Quantumania has fun, until it doesn't, according to Ant-Man and the Wasp

Quantumania has fun, until it doesn't, according to Ant-Man and the Wasp ...

The Marvel Cinematic Universe has evolved dramatically from being a fascinating franchise movement/experiment since Ant-Man's arrival in 2015 to a gigantic array of seemingly never-ending content.

The mini-franchise, which started as a series of palate cleansers that produced a unique and fun mix of heist pictures, comedy, and action, has now become a part of the Marvel project as a whole: creating mythos and arcs to get to the next stage and keep things moving.

This has proved to be the main weakness in many installments, sacrificing interesting concepts, dynamic writing, and daring visuals for the bigger picture at hand, and Ant-Man and the Wasp: Quantumania is no exception. Although it may be the strangest, most interesting, and perhaps most enjoyable film of the three, it still has a lot of the same problems that plague most Marvel blockbusters: an inability to produce solid standalone entertainment that truly shines.

Post-Endgame, we meet Scott Lang, who is content with selling his new book and taking care of his family rather than actively protecting San Francisco. His daughter Cassie (Kathryn Newton) is now a kid following in her father's rebellious footsteps.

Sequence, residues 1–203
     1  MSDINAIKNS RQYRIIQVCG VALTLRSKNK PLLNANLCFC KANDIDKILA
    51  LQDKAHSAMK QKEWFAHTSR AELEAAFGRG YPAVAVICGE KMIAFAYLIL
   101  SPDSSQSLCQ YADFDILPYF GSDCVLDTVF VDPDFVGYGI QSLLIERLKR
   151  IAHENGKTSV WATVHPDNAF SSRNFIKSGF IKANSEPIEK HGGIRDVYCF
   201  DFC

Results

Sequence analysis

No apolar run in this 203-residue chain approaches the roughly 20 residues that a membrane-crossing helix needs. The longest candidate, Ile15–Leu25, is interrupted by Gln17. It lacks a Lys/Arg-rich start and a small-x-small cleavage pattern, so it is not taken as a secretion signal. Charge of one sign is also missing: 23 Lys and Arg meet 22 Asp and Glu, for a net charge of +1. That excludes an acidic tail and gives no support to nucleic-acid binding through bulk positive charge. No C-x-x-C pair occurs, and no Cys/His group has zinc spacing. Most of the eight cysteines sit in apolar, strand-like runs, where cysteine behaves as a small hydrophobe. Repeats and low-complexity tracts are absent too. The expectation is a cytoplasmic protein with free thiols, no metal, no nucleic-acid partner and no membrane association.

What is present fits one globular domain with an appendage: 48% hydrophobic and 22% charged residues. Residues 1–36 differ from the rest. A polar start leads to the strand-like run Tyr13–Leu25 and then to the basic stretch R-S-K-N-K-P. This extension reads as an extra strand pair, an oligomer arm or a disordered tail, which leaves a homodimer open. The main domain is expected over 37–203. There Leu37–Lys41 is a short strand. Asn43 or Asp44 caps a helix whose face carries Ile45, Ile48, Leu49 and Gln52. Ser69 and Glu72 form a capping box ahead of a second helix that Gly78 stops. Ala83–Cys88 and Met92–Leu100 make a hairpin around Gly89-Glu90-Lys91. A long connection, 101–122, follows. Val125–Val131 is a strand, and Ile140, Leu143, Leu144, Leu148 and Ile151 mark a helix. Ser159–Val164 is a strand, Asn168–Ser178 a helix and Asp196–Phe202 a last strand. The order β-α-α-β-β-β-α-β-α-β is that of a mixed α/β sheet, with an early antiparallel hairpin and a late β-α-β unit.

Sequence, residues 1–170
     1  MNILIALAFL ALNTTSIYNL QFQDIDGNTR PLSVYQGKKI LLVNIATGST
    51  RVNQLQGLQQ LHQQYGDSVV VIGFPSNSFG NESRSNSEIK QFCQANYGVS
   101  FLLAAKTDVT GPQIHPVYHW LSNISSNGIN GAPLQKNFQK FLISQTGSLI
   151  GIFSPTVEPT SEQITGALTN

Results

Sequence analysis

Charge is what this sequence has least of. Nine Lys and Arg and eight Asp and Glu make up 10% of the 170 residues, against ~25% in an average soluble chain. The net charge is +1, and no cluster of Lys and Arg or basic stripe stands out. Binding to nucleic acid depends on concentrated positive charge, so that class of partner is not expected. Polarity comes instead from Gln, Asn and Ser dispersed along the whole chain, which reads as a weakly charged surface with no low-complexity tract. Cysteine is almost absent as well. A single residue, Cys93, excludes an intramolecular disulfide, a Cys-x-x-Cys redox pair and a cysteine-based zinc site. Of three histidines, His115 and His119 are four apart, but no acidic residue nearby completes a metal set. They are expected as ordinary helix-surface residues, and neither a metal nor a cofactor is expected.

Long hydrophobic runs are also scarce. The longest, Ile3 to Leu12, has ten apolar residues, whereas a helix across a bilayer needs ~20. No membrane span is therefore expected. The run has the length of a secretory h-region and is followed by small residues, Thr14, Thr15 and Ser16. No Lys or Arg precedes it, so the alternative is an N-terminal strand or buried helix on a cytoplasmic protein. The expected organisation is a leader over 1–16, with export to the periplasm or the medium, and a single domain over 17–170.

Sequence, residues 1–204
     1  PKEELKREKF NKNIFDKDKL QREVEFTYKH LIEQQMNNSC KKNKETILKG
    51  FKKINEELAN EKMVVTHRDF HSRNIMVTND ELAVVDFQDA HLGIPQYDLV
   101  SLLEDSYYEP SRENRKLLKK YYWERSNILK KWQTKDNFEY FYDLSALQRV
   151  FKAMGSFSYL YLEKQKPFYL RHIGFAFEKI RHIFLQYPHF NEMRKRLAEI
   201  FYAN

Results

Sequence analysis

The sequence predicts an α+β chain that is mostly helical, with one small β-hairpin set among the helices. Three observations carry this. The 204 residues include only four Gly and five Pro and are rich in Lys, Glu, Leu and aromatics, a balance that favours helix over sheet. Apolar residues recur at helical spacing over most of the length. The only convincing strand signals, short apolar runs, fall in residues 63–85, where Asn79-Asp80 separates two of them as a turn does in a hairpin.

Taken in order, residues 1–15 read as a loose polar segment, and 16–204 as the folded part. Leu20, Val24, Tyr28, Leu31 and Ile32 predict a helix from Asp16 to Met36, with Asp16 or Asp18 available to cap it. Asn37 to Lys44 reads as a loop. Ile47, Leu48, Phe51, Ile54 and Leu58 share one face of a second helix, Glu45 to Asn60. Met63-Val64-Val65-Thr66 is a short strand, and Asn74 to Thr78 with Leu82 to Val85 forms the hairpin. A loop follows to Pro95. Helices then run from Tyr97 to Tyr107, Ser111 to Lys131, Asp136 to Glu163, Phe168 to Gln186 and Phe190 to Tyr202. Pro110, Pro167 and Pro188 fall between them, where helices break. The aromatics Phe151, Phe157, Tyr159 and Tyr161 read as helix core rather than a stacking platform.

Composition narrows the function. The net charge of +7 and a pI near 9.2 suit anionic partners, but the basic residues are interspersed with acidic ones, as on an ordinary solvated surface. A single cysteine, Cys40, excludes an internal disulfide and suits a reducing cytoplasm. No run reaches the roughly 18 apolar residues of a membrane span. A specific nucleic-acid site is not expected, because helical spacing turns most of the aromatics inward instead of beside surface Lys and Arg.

Janet van Dyne (Michelle Pfeiffer) disappeared for over 30 years after going subatomic herself, and Scott and Janet are the only two who are concerned about this phenomenon. It's reasonable to assume that they've become more involved in the Quantum Realm.

Janet freaks out, and then the device malfunctions, sending everyone into the other dimension. They'll have to sort through Janet's past, make new friends and allies, and confront Kang the Conqueror (Jonathan Majors, fantastic) – Marvel's latest major blow for Phase Five and beyond.

As our heroes return to the outside world, there's a lot of weird, wonderful stuff happening. Janet, Hank (Michael Douglas, a great guy by all accounts), and Hope (Evangeline Lilly) are also forced to talk through the last three decades as they try to find Scott and Cassie to return home. Along the way, they'll encounter sights that look like objects from a faraway galaxy.

Quantumania uses the Quantum Realm as an outlet for Kang, as well as establishing the next property in the line.

Focusing on Scott and Cassie's relationship over Scott and Hope's (three films and several forced flirty scenes later and the chemistry between Rudd and Lilly is still unknown), and by letting us in on Janet's story as a means of understanding her better as a character

Yet, even in the weirdest, finest moments of this, like when Scott must battle a "probability storm" to get to a multiversal engine core and then generates endless possibilities, there is still the lingering reminder that this is all a service of a larger story, and the film's uniqueness and creativity are continually harmed.

Every time a dramatic turn takes place, a strange set piece finishes, or a character has interesting motives or develops, it's squandered. By the end, we're forced to remember this is the first stepstone in Phase Five, then Six, then the conclusion of the Multiverse Saga, and so on and so forth.

Quantumania is a strange, enjoyable addition to the Ant-Man franchise, and it might be the finest of the three so far. However, it's frustrating to watch something so different and outrageous that it only serves as a distraction for what's next in the pipeline.